An Ordinary Chap, Sufficiently Motivated

'I have spent this week in the lonely position of one who admires both Nelson Mandela and Margaret Thatcher'

Hugo Schmidt

The two greatest moments of human liberation that I have been fortunate to experience are the fall of the Berlin Wall, and the election of Nelson Mandela. As a result, I have spent this week in the lonely position of one who admires both Nelson Mandela and Margaret Thatcher.

In the twentieth century, it was roughly speaking true that the democratic Right fought the tyrannies of the USSR, Red China, Cambodia and Cuba, while it was the democratic Left that opposed the South American juntas, the dictators in southern Europe, Jim Crow America and Apartheid South Africa. This division isn’t absolute — I was pleased to read that Thatcher, while opposing economic sanctions on South Africa, enforced arms and oil embargos and pressured Botha to release Mandela from prison.  Nonetheless, it’s a rough guide to what each side preferred not to talk about.

These historic failures are at least to some extent understandable, if not excusable. Consider the case of Apartheid, and you can understand that there were those who knew it was evil, but feared that an ANC victory would lead to a Communist tyranny which would make Apartheid seem elysian in comparison.  The reason I say that this is not excusable is that any risk of communist tyranny would have been reduced had the international right been on the right side of the struggle, and declared its aims as moral ideals.

That said, to err is human, and anyone who honestly admits that should be welcomed. By example, consider the US conservative David French: “When [Mandela] assumed power, I feared he would take South Africa down a blood-soaked path of despotism. I was profoundly, happily wrong. He was a great man who — through an incredible amount of graciousness and wisdom — accomplished a nearly impossible task. And lest we Americans look askance at South Africa’s many remaining imperfections, let’s not forget that we could not navigate out of profound, de jure racial discrimination without a ruinous civil war followed by a century of Jim Crow.”

The people who curl my lip are those who, after all this, still try and take the other side in a rather shady and sullen way. I have encountered a ripe slice of the US Right who seem to believe that Mandela’s record can be reduced to his political friendship with men like Arafat, Gaddafi and Castro, his youthful flirtation with Communism, and the armed campaign of Umkhonto we Sizwe (“Spear of the Nation”).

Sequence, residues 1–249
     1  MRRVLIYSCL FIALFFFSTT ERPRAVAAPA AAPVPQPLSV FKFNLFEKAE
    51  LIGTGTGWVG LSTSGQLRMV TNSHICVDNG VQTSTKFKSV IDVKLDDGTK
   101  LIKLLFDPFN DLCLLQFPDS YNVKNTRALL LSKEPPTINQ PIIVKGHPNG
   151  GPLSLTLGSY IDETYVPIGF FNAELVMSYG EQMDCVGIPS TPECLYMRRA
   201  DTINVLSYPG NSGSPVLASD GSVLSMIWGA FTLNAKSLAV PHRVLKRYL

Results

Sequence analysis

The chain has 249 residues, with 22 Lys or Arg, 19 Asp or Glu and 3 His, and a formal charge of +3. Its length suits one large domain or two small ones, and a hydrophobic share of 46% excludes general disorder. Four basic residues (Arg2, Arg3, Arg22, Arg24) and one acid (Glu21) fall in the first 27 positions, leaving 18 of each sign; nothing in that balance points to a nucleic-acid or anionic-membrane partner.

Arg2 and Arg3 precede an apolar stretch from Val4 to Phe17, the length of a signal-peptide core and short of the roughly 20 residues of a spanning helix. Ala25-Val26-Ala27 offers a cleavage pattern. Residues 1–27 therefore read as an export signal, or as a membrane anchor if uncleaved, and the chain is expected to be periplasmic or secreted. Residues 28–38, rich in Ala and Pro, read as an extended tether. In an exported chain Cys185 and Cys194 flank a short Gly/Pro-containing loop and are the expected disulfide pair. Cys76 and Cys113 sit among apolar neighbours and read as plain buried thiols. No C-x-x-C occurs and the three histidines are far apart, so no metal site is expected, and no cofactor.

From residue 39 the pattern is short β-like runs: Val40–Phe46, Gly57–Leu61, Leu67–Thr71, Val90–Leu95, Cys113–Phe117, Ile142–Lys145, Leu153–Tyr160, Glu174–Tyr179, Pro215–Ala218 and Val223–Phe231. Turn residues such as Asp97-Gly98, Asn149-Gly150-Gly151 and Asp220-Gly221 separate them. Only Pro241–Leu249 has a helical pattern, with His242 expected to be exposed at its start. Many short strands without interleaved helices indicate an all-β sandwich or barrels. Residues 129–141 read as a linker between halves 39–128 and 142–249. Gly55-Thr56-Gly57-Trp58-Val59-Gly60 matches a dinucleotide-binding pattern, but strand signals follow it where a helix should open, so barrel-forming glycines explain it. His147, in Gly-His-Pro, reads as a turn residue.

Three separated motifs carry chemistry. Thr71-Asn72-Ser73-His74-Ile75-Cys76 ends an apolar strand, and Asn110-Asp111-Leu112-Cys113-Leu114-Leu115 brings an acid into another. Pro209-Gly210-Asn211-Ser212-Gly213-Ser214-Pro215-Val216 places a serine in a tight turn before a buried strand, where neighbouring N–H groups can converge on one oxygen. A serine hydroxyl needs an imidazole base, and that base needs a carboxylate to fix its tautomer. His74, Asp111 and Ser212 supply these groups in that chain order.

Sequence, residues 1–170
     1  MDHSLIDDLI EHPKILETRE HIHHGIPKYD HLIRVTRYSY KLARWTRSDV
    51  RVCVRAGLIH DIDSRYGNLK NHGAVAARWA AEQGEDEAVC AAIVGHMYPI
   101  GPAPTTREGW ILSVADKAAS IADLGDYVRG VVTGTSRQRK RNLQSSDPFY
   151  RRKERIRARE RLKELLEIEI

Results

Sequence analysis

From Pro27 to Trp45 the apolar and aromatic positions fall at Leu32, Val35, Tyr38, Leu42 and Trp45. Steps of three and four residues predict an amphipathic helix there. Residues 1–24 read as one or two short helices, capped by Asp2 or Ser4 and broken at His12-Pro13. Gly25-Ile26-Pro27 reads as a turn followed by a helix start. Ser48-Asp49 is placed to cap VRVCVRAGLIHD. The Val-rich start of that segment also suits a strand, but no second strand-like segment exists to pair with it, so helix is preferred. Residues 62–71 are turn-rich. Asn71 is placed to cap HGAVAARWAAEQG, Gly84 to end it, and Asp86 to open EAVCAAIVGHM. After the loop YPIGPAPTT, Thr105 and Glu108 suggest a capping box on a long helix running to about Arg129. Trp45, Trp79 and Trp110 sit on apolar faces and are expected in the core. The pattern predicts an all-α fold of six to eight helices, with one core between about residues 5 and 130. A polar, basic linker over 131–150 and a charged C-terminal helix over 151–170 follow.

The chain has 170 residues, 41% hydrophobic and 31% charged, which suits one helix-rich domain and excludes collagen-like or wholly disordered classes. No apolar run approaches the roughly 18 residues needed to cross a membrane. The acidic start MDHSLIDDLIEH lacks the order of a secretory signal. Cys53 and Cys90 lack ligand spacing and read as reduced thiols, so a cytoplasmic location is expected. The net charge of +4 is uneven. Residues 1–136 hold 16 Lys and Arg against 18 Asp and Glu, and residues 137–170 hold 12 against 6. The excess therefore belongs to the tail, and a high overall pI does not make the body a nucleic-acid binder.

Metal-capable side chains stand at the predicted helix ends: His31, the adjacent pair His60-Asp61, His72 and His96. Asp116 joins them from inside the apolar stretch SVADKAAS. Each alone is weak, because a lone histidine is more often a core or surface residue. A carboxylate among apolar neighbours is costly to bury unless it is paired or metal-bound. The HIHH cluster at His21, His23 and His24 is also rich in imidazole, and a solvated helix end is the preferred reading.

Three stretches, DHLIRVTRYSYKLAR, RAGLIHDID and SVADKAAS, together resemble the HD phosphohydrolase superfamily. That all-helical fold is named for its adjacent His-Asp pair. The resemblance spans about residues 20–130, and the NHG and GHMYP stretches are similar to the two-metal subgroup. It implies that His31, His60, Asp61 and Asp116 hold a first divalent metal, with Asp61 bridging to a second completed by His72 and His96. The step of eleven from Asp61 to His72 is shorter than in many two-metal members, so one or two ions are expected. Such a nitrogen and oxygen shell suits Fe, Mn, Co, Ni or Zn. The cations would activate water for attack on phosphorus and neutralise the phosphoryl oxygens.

Taking that in reverse order, the armed campaign’s main fatalities occurred during the decades in which Mandela was imprisoned, and the armed campaign began in direct response to the banning and suppression of other avenues of protest, culminating in the Sharpesville massacre. Mandela is hardly the first to flirt with Communism in his youth, and had considerably more justification than, say, I. It is certainly true that Mandela’s political friendship with certain thugs and despots is a blot on his career, as indeed Thatcher’s friendship with Pinochet and her funding of what would become the Taliban through General Zia ul Haq was on hers. It is the tragedy of the 20th century that those committed to liberty found themselves making questionable alliances and often on opposite sides.

Yet, despite all this, to simply focus on these facts, which we should indeed acknowledge, and to evade the scale of what Mandela achieved, is, at best, highly suspect. Plenty has been written on that achievement, but I should like to focus on three aspects that do not get enough attention. The first is Mandela’s deep rationality, as the source of his famous forgiveness. His willingness to forgive and to find common ground surprised many, and certainly shocked some of his supporters, in particular in support for the Springboks (beautifully dramatised in Invictus), and in his appeal for unity after anti-Apartheid activist Chris Hani was murdered by a racist fanatic. It would have been entirely understandable for Mandela to have reacted other than he did. Yet he understood that, however understandable such a reaction might be, it would only lead South Africa towards ruin, to the failure of everything he accomplished.

The second is his decision, one of the first in his time in office, to have South Africa rejoin the commonwealth (from which it had been expelled, by a Tory government, for its official racism). Taking this in addition to India, the world’s largest democracy, gives the phrase “the English speaking peoples” a meaning that might have surprised Churchill but does the concept much credit.

Lastly, there is the matter that the overthrow of Apartheid was essentially a capitalist revolution. It is indeed true that Mandela established a generous welfare state, but he was only able to do so through a policy of economic liberalism that lead to an industrial boom. On a deeper level, however, the overthrow of enshrined racism almost by definition leads to a more capitalist society.